When younger, I thought the HSC's a blight on the park too...as I grow older, can more appreciate the access provided to the High Country when no longer able to carry a backpack...access for all.
There is something about park history, John Muir, and Yosemite lore associated with these camps - grandfathered in, much like camp 4...Todays strict quotas insure that HSC overuse doesn't really happen...Where is the harm?
In conclusion, I could easily do without White Wolf or the Tuolumne Lodge as they are drive-to establishments, not really camps per se, but realizing these two probably provide most of the profits needed to keep the others open...so be it.
To those who somehow got the HSC's included on the National Historic Register, (thus now protected?), I say "Nice Job!"

What you are saying about Merced Lake doesn't make sense. It is the largest HSC with a capacity of 60, while Vogelsang and Sunrise have capacities of 42 and 34 respectively. Reducing it's capacity just brings it inline with the other camps around it while reducing impacts. If anything, Merced Lake has an over capacity issue.

Additionally, how does a non-wilderness area performing non-wilderness related activities help act as a sheriff for wilderness?

Providing access for all is great. However, the HSC's provide far more than just access. They have toilets, showers, beds, gourmet meals, water and sewer systems, etc. That is for nearly $200 a night, which is clearly out of the price range for many folks. Plus providing access has to be balanced with impacts. Otherwise, why not allow ATV's or whatever as they provide access too. But of course those have significant impacts we don't want in wilderness. The HSC's have significant impacts on the wilderness. They need to be supplied and maintained, causing a ton of impacts on the trails. There is the infrastructure to keep the camps operational which has been upgraded and expanded since the camps were established. Plus there could be 60 guests, plus employees, at a backcountry Lake. That's a lot of people at any location in wilderness. The surrounding areas and trails in between are going to be impacted by all the HSC guests in the area. It's like having a trailhead 13 miles in the wilderness.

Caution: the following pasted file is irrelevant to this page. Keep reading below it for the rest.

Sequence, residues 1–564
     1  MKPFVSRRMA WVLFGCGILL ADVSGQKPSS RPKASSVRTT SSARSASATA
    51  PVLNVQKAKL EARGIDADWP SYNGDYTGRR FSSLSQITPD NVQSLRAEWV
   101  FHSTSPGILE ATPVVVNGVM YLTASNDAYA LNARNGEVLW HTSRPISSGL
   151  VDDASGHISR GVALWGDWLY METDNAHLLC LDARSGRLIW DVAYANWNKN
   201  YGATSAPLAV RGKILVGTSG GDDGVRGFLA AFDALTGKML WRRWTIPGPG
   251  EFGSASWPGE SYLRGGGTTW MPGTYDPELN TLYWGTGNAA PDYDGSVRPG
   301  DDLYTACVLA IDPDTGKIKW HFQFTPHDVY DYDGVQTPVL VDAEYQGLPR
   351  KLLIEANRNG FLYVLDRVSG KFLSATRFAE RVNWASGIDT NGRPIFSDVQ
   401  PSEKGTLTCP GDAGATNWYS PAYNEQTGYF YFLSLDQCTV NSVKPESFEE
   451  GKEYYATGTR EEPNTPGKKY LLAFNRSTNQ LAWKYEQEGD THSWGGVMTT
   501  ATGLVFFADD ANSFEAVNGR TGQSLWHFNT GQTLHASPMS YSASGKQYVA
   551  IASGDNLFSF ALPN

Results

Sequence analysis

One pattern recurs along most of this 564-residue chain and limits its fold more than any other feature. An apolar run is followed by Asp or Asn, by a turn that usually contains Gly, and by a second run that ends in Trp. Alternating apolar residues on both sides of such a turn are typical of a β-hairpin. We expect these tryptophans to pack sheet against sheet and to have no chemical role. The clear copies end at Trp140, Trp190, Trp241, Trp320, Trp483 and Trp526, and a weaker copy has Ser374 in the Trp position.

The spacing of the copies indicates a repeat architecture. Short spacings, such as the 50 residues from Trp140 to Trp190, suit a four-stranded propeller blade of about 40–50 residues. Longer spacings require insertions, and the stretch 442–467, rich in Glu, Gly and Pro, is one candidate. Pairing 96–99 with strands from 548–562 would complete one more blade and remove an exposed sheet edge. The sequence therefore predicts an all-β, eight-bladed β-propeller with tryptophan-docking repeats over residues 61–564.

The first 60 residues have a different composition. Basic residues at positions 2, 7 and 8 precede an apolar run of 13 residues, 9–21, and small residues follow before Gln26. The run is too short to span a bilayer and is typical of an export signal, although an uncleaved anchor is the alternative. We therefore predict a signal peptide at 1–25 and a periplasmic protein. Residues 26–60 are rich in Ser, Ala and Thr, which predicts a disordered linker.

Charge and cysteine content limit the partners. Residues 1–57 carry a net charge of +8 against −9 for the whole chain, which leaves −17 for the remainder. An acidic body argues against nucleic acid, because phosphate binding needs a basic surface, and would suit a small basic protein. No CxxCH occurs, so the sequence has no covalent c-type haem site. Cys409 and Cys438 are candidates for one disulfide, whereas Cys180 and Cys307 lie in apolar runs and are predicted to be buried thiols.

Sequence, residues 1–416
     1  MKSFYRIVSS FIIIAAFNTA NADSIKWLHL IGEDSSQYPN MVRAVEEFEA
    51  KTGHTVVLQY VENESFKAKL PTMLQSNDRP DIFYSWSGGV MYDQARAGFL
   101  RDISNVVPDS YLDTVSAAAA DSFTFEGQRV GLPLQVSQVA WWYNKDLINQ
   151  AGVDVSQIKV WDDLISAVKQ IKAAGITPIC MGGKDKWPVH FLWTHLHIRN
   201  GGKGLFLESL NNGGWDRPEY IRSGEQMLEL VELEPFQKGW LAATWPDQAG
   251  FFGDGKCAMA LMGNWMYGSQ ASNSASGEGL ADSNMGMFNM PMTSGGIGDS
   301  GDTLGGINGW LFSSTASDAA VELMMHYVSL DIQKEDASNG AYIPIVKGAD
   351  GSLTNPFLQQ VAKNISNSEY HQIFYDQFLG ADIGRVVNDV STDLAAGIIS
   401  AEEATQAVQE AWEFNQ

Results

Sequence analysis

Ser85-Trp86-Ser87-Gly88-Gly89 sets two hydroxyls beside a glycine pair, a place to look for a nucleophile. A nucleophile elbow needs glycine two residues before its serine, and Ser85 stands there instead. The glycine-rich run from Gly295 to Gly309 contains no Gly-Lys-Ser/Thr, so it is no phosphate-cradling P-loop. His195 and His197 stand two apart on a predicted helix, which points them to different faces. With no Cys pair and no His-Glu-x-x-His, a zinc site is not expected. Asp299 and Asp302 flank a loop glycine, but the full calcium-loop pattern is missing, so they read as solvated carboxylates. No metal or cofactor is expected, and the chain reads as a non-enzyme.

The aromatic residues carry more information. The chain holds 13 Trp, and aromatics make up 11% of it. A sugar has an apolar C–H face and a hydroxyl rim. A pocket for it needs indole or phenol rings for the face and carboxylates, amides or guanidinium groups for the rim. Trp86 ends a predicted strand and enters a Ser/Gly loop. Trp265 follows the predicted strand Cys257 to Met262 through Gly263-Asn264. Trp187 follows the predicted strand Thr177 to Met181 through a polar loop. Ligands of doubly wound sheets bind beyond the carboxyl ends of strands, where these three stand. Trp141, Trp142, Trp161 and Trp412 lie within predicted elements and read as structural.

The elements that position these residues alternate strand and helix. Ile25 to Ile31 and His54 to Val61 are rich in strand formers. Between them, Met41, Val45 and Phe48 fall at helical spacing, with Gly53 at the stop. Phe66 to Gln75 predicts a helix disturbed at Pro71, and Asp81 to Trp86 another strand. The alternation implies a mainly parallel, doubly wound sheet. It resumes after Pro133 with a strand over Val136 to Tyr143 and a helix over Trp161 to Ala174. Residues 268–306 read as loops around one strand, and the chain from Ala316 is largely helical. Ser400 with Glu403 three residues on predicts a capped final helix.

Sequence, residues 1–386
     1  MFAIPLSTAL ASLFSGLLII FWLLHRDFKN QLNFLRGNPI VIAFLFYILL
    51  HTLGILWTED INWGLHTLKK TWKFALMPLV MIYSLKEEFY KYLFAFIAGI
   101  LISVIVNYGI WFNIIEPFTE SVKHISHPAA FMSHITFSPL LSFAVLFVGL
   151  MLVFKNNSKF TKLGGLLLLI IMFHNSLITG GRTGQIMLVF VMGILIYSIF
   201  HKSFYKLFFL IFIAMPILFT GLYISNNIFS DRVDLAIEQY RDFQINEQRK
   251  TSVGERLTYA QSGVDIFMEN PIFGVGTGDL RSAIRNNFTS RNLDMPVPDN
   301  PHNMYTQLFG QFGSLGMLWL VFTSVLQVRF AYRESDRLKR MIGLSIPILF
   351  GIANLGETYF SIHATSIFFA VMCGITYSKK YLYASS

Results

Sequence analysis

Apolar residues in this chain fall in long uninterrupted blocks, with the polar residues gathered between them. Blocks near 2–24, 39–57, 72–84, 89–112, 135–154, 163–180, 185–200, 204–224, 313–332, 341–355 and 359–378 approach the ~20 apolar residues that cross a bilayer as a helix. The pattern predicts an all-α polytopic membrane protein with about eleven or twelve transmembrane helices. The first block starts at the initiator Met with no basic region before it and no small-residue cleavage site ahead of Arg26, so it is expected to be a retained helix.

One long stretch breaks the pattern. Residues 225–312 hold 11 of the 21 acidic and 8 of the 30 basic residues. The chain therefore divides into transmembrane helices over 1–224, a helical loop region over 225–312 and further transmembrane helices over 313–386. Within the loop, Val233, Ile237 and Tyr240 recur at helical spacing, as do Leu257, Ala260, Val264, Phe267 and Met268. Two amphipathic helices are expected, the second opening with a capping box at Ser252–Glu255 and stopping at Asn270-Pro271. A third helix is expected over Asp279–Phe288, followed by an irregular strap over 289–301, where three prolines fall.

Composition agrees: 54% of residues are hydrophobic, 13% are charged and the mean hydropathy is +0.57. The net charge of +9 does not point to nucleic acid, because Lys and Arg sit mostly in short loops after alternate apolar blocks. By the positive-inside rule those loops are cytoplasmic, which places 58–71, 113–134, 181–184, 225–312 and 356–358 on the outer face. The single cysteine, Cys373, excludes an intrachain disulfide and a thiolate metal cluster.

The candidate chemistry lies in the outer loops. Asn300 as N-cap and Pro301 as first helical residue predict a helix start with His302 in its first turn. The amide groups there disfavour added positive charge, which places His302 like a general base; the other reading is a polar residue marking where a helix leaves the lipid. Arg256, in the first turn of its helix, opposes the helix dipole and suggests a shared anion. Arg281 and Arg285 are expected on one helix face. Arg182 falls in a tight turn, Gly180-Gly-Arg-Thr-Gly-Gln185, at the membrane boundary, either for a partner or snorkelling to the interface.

While I can understand the historic nature of the camps, just because they are historic doesn't mean they should remain if they are negatively impacting the park. The firefall, the bear feeding programs, camping on half dome, etc were all historic and memorable activities in the park that aren't done anymore because they had large negative impacts.
The Snow Creek cabin wasn't included?

(Nor was the Glacier Point dump for that matter. But that properly needs five more years to qualify. wink )
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plawrence
The Snow Creek cabin wasn't included?

I was surprised by that as well, considering every other cabin/structure in the wilderness was included. A quick search online seems to indicate it was included in the original nomination, but can't think of a good reason it wasn't officially recognized.
The Glacier Point dump is probably treated as if it were eligible for the register anyway. Cabins a good question, but perhaps it's had more recent modifications. Tough to say.